Who Rules Japan?
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Who Rules Japan?

Popular Participation in the Japanese Legal Process

Edited by Leon Wolff, Luke Nottage and Kent Anderson

The dramatic growth of the Japanese economy in the postwar period, and its meltdown in the 1990s, has attracted sustained interest in the power dynamics underlying the management of Japan’s administrative state. Scholars and commentators have long debated over who wields power in Japan, asking the fundamental question: who really governs Japan? This important volume revisits this question by turning its attention to the regulation and design of the Japanese legal system. With essays covering the new lay-judge system in Japanese criminal trials, labour dispute resolution panels, prison policy, gendered justice, government lawyers, welfare administration and administrative transparency, this comprehensive book explores the players and processes in Japan’s administration of justice.
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Chapter 4: In defence of Japan: government lawyers and judicial system reforms

Stephen Green and Luke Nottage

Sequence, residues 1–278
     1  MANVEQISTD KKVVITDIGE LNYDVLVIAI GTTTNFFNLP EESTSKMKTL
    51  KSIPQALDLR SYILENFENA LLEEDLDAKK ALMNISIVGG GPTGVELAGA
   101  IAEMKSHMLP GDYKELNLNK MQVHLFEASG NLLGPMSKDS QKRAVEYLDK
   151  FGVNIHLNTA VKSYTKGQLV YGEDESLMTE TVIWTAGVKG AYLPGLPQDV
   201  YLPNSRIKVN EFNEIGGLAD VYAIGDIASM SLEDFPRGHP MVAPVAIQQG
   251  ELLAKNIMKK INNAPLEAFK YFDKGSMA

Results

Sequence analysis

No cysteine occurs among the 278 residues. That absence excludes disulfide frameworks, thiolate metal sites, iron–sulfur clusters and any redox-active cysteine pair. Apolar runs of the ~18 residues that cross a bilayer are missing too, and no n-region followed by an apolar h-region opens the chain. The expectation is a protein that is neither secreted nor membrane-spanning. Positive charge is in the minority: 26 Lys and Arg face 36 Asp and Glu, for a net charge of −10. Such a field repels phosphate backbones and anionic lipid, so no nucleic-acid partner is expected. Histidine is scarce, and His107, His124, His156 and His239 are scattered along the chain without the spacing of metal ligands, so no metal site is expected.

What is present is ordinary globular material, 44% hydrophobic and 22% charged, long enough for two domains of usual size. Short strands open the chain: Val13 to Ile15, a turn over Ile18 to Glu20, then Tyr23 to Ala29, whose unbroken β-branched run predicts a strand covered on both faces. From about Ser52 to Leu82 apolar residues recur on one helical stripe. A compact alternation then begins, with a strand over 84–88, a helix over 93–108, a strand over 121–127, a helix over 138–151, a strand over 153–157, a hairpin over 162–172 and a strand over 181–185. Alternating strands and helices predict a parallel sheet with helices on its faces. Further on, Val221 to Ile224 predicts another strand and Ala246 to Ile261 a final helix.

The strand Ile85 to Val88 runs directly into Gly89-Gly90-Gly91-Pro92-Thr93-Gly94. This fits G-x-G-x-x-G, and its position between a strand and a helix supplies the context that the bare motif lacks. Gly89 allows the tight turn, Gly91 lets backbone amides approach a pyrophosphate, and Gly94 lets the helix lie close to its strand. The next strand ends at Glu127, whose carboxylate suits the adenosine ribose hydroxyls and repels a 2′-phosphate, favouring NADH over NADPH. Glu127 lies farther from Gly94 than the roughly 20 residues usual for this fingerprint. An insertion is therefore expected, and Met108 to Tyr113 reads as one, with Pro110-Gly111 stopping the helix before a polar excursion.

The June 2001 final Recommendations to the Japanese Prime Minister from the Justice System Reform Council (JSRC, shihokaikaku iinkai) included various reforms to the legal system geared to moving Japan from direct ex ante regulation by public authorities to ex post relief through the judicial system. The aim of this brave new deregulated world was to substitute more indirect socio-economic ordering with incentives for corporations and other actors to seek judicial relief. To realise the reforms, including building a justice system to warrant citizens’ trust and hence to facilitate their greater use of the legal system, the JSRC highlighted a concomitant need for increased financial and human resources. The JSRC acknowledged the need to coordinate the institutional base of the legal system while expanding human resources and establishing popular participation. In respect of human resources, the JSRC recommended raising both the ‘quality and quantity’ of legal professionals. In 1999, when the JSRC was established, the total number of legal professionals was 20,730; approximately one legal professional per 6,110 citizens. Given this situation another JSRC recommendation was to ‘aim, deliberately and as soon as possible, to secure 3000 new entrants to the legal profession annually’. Although not explicitly stated in the JSRC Recommendations the broad reforms implied an expectation that citizens would increasingly use the legal system to regulate their private relationships and their relationships with the state and its organs.

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